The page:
21st March 2018
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Stargazing: Simmer dim well over as autumn arrives

, by , in Features

THE SKIES are getting darker, with autumn starting at 16 minutes to 5pm on the afternoon of 2nd September.

The “simmer dim” is well and truly over and the nights now become longer, giving more time to look at the splendours of the heavens.

New moon is on the 29th and full moon is on the 15th.


The moon will be out of the way from the 1st to the 8th and the 22nd to the 30th.

The planets are close to the horizon so are difficult to see from Shetland. Get a good southern horizon and Jupiter will be the bright planet in the south.


The moon will be out of the way from the 1st to the 11th and the 25th to the 30th.

If you have a map then Uranus and Neptune are worth searching for with binoculars.


The moon will be out of the way from the 1st to the 6th and the 19th to the 30th.

The morning hours bring some minor planets in to view. With a celestial map it is possible to follow their changing positions night after night.

So there may be little planetary viewing over the month but the moon and stars are still there. If you are out planet hunting then go to the “Heavens Above” website beforehand and get the timings of the International Space Station, it is now very bright.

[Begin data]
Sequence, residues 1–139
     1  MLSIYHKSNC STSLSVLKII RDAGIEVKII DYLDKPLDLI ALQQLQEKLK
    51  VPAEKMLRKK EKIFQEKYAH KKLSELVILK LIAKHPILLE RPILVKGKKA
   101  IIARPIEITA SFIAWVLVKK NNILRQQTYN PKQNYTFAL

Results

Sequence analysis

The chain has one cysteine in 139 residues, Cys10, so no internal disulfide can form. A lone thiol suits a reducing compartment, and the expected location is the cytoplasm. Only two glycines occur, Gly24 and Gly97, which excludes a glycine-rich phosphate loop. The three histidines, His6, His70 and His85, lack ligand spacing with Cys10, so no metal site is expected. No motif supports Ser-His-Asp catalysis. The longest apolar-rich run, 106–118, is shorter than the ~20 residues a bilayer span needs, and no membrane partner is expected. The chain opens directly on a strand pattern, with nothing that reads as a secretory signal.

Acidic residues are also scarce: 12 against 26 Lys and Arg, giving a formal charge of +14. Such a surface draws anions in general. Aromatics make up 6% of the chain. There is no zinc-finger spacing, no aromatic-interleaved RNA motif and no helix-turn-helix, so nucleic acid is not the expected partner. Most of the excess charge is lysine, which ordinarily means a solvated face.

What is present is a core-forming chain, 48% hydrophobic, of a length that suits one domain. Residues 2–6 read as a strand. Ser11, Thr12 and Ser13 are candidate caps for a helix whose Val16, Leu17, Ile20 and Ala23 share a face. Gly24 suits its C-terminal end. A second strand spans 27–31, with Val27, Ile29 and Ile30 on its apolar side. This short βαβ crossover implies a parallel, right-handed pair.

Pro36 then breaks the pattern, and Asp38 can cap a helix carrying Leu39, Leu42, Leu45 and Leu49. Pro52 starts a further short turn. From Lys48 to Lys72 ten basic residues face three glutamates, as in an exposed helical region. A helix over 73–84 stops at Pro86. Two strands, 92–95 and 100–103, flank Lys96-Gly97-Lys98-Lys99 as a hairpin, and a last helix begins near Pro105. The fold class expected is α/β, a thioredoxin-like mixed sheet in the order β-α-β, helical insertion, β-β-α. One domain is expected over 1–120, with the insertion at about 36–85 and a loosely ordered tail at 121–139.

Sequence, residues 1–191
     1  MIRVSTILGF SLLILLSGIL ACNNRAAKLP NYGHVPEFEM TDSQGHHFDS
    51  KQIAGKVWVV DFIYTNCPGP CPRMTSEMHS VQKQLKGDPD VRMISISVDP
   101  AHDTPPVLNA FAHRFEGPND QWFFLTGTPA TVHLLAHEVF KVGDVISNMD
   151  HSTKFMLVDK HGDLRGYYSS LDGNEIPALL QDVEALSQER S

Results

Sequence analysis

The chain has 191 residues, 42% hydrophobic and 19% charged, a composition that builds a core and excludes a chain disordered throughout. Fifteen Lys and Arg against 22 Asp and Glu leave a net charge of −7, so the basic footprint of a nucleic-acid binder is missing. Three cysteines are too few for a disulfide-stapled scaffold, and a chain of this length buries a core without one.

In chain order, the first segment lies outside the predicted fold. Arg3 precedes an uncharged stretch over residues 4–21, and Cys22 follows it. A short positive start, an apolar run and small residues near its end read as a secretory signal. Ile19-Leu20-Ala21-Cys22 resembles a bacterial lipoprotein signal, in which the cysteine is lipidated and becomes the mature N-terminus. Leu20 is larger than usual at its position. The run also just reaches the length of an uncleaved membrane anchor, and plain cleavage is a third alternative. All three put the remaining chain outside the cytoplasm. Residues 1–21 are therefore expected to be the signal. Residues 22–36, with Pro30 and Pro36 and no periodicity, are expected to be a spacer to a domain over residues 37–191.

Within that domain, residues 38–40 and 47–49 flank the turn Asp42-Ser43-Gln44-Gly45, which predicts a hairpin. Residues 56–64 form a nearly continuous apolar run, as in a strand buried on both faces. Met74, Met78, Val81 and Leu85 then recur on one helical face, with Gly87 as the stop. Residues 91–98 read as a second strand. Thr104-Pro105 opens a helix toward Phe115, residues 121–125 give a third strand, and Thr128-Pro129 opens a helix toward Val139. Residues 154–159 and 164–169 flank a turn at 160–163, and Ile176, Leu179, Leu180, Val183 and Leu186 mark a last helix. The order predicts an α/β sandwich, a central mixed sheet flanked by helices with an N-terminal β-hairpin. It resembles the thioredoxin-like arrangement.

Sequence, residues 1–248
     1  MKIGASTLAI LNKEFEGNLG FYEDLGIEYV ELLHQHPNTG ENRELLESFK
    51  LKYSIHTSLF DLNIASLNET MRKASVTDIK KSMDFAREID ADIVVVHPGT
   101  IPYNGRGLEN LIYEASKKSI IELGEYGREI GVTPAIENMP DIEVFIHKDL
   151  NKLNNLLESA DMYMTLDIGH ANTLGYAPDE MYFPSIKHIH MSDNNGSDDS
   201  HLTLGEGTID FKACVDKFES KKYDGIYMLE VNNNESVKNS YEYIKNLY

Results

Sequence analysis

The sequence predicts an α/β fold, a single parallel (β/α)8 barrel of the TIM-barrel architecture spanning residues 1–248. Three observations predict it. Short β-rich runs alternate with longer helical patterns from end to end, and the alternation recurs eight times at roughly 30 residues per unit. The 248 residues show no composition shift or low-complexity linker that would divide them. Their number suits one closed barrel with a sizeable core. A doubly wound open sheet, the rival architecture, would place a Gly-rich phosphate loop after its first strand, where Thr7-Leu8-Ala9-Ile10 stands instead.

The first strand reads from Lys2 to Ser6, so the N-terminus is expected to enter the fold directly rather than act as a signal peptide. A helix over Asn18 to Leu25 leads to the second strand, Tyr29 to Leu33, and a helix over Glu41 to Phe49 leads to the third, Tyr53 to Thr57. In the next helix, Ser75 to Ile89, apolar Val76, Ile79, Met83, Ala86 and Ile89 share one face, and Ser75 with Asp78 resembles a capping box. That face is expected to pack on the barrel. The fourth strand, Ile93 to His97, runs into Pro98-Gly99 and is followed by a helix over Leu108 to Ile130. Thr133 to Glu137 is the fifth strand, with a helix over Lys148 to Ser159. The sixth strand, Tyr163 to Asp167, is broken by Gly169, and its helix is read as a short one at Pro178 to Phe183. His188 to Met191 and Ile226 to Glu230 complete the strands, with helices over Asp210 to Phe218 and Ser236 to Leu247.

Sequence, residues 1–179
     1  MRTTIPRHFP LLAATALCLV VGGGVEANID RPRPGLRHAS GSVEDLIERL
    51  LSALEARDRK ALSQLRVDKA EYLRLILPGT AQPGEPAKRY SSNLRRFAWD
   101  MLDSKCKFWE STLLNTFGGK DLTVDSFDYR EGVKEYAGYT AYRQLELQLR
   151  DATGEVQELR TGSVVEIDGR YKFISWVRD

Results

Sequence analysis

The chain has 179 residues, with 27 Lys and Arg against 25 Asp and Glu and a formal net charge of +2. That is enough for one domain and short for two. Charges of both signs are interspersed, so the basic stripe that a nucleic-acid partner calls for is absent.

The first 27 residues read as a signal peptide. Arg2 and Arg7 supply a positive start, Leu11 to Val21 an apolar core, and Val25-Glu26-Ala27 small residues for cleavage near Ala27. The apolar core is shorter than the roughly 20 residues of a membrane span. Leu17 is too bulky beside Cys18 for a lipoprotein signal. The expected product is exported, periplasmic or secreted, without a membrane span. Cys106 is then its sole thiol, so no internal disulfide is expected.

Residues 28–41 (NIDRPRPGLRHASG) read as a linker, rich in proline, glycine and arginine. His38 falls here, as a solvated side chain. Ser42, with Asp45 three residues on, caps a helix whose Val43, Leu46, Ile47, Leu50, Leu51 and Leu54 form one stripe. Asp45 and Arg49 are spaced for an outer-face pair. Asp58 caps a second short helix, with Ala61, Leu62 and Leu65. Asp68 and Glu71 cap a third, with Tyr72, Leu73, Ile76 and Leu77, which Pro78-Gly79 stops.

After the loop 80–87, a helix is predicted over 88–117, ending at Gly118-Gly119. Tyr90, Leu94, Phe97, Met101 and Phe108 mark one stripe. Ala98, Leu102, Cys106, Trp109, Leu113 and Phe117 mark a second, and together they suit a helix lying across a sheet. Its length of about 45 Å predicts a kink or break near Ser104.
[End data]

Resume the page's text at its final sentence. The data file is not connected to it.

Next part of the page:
What a wonderful month August was astronomically. The partial solar eclipse at the beginning and the partial lunar eclipse half way through – and the clouds stayed away enough to see both really well.

It will be the end of 2009 before we get another partial lunar eclipse. The end of 2010 will bring a full lunar eclipse but that will be difficult to see right the way through and the next full lunar eclipse we could see completely is in 2015 – so I hope you got a glimpse of the one last month.

As for solar eclipses there is a partial one at the beginning of 2011.

There are no major meteor showers this September but there is the seen once only Aurigids shower. Reported back in 1935 and not seen since.

Will they return? The only way to find out is to wrap up warm and get the sun lounger out on the night of 31st August/1st September. If nothing else a clear sky will allow you to re-acquaint yourself with the stars and find the constellations and root out the brighter Messier objects. There are starter packs for astronomy and some can be found in The Shetland Times Bookshop.

As for the August Perseids I did see 10 this year but did not manage to photograph any of them.

Each September I try to persuade those of you who are finishing your summer jobs to check your outside lighting. Not just that it is working, but to consider the light pollution these installations can cause.

Try and keep the wattage of the lamps as low as possible and fit shades to keep the light inside your property.

Over the summer the new roundabout has appeared in Lerwick and that has some excellent lighting. The two supermarkets are doing work – Tesco have a new sign going up and while it has to be lit hopefully it will be lit to avoid any pollution.

The Co-op are doing much work and it is to be hoped that their car park lighting scheme is efficient and non-light polluting.

Anyway let me get off my hobby-horse otherwise I will be telling you how good the car park lighting at the museum is. If you know of any good or bad lighting then do tell me.

Clear skies.

Chris Brown